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Alan7140

For a bit of fun...

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Well done, Alan. How on earth you can guess the focal point I have no idea. I can't even get that right with selfies on auto focus with eye detection! 

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6 minutes ago, Dallas said:

Well done, Alan. How on earth you can guess the focal point I have no idea. I can't even get that right with selfies on auto focus with eye detection! 

 

I missed by a bit, though - the idea was to get my leading eye in focus, not the trailing one, but the upside was that throwing the forward detail out of focus the lens really demonstrated that triplet lens smooth, buttery edge effect that was so admired and identified large format 19th Century photos a hundred years before anyone even used the word "bokeh". With this format and lens I think it is even acceptable for much of the photo not to be sharp - another thing that really only gained manic importance in the sixties to the present.

It was entirely unintentional at the time, but the result seems to channel a Southworth and Hawes Daguerreotype from 1848:

2678307538_1ef9b3a5c4_o.jpg?resize=660,8

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I reckon that hiding behind the monstrous camera is an X-T2 + 56mm 1.2. 🤗

 

As you said just a bit of fun. 😋

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I’m sure this is some fun you will keep playing with.  Perhaps some of the old farm buildings you often post would be a good setting, but moving that setup away from the studio will be a real challenge.

 

if you are stuck with the studio environment, perhaps a diptych or composite of the ‘old’ you photographing the ‘modern ‘ you photographing the ‘old’ you.

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1 hour ago, crowecg said:

I’m sure this is some fun you will keep playing with.  Perhaps some of the old farm buildings you often post would be a good setting, but moving that setup away from the studio will be a real challenge.

 

if you are stuck with the studio environment, perhaps a diptych or composite of the ‘old’ you photographing the ‘modern ‘ you photographing the ‘old’ you.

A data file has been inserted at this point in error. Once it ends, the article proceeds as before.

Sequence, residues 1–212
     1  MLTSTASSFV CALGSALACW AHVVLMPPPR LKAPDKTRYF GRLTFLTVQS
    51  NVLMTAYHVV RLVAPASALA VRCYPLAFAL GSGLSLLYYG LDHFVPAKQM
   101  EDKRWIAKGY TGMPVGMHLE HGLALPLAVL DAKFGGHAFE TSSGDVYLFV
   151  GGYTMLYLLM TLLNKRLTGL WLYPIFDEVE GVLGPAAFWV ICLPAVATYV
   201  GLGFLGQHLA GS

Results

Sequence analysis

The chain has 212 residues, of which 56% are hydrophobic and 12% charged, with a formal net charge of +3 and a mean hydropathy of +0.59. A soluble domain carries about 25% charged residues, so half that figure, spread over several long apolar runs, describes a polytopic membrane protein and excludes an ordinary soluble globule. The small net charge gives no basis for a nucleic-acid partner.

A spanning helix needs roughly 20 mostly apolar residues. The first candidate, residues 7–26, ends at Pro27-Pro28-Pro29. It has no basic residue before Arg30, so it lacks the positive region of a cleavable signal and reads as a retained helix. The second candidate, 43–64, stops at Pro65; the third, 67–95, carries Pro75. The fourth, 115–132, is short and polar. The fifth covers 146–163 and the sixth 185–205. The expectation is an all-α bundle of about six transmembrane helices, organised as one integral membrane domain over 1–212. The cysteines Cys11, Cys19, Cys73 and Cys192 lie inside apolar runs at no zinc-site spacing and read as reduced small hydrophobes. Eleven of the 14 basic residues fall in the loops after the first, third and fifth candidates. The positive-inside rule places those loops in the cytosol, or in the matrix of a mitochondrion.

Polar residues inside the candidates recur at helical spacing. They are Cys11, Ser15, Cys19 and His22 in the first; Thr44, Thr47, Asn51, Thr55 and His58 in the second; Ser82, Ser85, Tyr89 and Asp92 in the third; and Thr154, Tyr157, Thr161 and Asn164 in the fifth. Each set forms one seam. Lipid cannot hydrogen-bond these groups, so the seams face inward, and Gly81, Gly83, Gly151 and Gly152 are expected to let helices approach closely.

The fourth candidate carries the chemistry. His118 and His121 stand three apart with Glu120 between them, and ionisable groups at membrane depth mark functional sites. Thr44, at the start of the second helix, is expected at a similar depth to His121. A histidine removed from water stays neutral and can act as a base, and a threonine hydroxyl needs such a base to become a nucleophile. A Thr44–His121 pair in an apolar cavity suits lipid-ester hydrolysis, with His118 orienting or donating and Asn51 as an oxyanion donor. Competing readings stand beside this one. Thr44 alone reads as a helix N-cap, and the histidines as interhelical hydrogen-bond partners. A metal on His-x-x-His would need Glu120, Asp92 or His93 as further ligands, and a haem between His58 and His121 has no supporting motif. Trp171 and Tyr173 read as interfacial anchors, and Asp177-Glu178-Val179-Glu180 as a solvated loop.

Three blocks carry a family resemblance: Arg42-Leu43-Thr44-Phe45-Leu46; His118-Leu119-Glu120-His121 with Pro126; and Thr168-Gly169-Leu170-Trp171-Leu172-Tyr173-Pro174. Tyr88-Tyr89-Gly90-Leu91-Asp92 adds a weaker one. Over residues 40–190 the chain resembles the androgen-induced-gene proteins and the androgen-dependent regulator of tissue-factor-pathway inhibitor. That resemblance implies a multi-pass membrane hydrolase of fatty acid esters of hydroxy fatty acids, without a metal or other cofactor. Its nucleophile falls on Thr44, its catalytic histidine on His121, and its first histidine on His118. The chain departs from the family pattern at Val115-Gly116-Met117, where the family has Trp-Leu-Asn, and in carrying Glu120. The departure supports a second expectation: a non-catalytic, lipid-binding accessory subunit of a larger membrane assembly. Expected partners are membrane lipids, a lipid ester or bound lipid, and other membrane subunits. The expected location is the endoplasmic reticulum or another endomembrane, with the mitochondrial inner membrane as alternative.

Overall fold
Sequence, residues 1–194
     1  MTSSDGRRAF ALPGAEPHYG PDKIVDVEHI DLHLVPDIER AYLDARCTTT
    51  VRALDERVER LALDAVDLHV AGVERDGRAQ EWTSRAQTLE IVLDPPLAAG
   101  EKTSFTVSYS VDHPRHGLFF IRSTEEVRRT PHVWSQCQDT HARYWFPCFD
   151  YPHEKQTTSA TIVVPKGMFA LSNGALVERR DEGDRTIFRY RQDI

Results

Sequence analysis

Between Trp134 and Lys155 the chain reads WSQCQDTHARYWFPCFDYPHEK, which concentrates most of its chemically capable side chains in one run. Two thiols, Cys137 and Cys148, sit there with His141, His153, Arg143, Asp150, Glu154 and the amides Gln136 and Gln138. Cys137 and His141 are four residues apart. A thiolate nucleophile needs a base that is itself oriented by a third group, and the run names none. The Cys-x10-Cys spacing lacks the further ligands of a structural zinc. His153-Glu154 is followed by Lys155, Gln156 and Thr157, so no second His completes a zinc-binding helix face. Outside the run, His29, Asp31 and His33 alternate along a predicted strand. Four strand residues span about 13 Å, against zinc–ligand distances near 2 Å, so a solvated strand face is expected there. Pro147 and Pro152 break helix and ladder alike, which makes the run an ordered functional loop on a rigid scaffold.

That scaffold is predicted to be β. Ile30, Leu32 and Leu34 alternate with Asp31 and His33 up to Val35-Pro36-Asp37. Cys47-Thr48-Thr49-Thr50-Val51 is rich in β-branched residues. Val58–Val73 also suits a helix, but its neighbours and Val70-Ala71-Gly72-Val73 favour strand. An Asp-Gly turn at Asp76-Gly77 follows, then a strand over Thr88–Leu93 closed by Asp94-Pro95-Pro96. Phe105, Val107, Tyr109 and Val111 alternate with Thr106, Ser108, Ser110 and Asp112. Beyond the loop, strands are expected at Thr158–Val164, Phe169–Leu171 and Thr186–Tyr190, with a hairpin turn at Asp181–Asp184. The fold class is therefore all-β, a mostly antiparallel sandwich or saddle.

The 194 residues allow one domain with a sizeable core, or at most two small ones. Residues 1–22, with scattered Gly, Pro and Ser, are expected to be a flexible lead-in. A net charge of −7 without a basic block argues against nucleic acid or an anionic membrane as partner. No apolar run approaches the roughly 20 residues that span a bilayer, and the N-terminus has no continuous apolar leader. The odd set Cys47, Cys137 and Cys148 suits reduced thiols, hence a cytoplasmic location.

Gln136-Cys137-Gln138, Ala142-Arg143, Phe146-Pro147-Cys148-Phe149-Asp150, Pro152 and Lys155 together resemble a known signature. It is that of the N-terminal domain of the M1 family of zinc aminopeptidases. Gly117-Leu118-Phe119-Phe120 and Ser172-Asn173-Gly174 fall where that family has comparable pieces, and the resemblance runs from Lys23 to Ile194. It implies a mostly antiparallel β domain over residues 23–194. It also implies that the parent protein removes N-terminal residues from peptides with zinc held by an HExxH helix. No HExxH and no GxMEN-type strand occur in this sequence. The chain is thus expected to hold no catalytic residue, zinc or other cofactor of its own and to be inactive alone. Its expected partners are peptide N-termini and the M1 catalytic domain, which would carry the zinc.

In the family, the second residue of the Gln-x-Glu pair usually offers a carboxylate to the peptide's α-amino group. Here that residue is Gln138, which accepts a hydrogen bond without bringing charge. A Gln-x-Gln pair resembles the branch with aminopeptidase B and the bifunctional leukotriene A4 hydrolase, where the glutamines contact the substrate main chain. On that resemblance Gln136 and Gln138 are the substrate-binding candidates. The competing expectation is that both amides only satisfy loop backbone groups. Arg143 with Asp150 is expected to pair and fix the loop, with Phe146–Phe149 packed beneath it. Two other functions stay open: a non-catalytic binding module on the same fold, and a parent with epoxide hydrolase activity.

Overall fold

Thanks Chris. I'm waiting on a half plate Thornton Pickard view camera of as-yet unknown operating condition to arrive here some time in January to take care of the location side of things.

I did have the camera I used for this shot adapted to use 5x4 film in the 1980's and I actually used it for portraits in my studio (the artsy folk of Eltham loved the theatre of focusing under the dark cloth and the shuffling of dark slides) but using modern film never had the same effect as using a slow, blue-green sensitive emulsion like photographic printing paper or the original collodion plates had. Using a primary blue filter also failed to get the effect properly, so I gave up until this week's brainstorming session.

While this is easy enough to print with inkjet, I'm now trying to think of a way to get this grainless image onto a film base to print it photographically. There are no films I know of that will accomplish this without adding visible grain and thus destroy the creaminess of the tones, so it might well be that I'll eventually have to join the growing brigade of nut-jobs who drift around with their van darkrooms stacked with all the hazardous stuff needed to make up their collodion wet plates on the spot. Who knows where this retirement thing will take me? :D 

 

 

 

 

Edited by Alan7140

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Alan, I don't know if this particular commercial outfit/cottage industry that operates in my state of Victoria have the horse and cart, but they do cater (at a price) for a number ofthe older photographic technologies:  see http://www.goldstreetstudios.com.au/   and   https://mailchi.mp/6b05292d0819/s2mxqypkj9-2929189?e=a32918622e